The State of Texas has just instigated a bill that will make the sending of unsolicited sexual images a misdemeanour, carrying a punishment of a fine of up to $500.
The Texas House Bill 2789 is due to take effect on 1st September 2019 and would outlaw electronically sharing sexually explicit content without the expressed consent of the recipient.
Bumble CEO Whitney Wolfe Herd has been campaigning to make ‘cyberflashing’ a criminal offence, and has worked closely with US legislators and a number of lawyers to set the bill in motion.
She said to Inc.: “Right now, the internet is the Wild Wild West. It’s ridiculous that there is no accountability online for things you are not allowed to do in the real world. We are trying to make a law for indecent exposure, but for the digital realm.”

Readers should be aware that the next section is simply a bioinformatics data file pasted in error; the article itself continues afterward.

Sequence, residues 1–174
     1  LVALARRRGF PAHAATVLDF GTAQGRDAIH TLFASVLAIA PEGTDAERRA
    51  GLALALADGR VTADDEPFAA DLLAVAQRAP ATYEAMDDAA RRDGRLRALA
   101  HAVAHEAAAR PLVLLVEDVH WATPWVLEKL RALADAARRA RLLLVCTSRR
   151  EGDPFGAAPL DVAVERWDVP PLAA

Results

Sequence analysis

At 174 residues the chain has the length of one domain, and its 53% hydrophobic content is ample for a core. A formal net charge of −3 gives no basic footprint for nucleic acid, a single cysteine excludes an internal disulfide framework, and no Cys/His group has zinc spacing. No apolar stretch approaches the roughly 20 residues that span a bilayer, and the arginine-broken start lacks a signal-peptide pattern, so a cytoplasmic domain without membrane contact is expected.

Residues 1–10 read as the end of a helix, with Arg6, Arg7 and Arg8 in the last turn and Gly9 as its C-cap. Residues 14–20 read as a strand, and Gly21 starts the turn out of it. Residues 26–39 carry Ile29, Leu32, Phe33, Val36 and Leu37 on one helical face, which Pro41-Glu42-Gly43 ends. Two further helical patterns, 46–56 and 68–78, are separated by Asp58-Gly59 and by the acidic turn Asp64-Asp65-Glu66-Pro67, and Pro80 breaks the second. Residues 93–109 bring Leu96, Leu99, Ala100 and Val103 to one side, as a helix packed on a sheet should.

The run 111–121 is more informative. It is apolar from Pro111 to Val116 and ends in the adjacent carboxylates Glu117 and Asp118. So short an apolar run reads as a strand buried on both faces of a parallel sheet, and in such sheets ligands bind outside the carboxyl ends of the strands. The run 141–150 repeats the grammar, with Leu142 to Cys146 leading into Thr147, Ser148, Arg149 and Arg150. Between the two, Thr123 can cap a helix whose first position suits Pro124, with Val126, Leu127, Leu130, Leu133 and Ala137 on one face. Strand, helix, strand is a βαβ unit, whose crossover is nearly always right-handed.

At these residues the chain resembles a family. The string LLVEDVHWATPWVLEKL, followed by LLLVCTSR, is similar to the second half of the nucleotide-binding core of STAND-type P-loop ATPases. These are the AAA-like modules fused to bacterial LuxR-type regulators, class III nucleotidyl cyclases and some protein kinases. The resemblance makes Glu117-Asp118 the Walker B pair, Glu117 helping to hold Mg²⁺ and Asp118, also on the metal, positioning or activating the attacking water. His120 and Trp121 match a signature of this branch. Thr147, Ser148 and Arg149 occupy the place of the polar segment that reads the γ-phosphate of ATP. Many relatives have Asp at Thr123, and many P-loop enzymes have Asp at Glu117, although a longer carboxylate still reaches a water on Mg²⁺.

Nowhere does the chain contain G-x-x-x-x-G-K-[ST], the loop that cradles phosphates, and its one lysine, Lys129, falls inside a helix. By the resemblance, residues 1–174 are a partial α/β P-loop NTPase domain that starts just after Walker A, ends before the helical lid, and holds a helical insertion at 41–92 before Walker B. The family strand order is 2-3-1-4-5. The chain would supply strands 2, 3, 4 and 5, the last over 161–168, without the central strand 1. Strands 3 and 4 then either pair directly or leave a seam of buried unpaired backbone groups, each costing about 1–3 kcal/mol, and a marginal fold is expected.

“We’ve spoken to folks on both the left and the right. This is a human issue, and it’s affecting our youth especially”.
The movement is beginning in Texas, the home of the Bumble headquarters, but Wolfe Herd is already in discussion with federal officials about changing the law nationally.
Bumble users can have parts of their profile taken down, or even banned completely, if they upload images featuring inappropriate themes such as nudity, pornography, violence or drugs.
UK newspaper The Guardian has also previously called for a ban. A report found that 41% of British, millennial women have received unwanted images of male genitalia.
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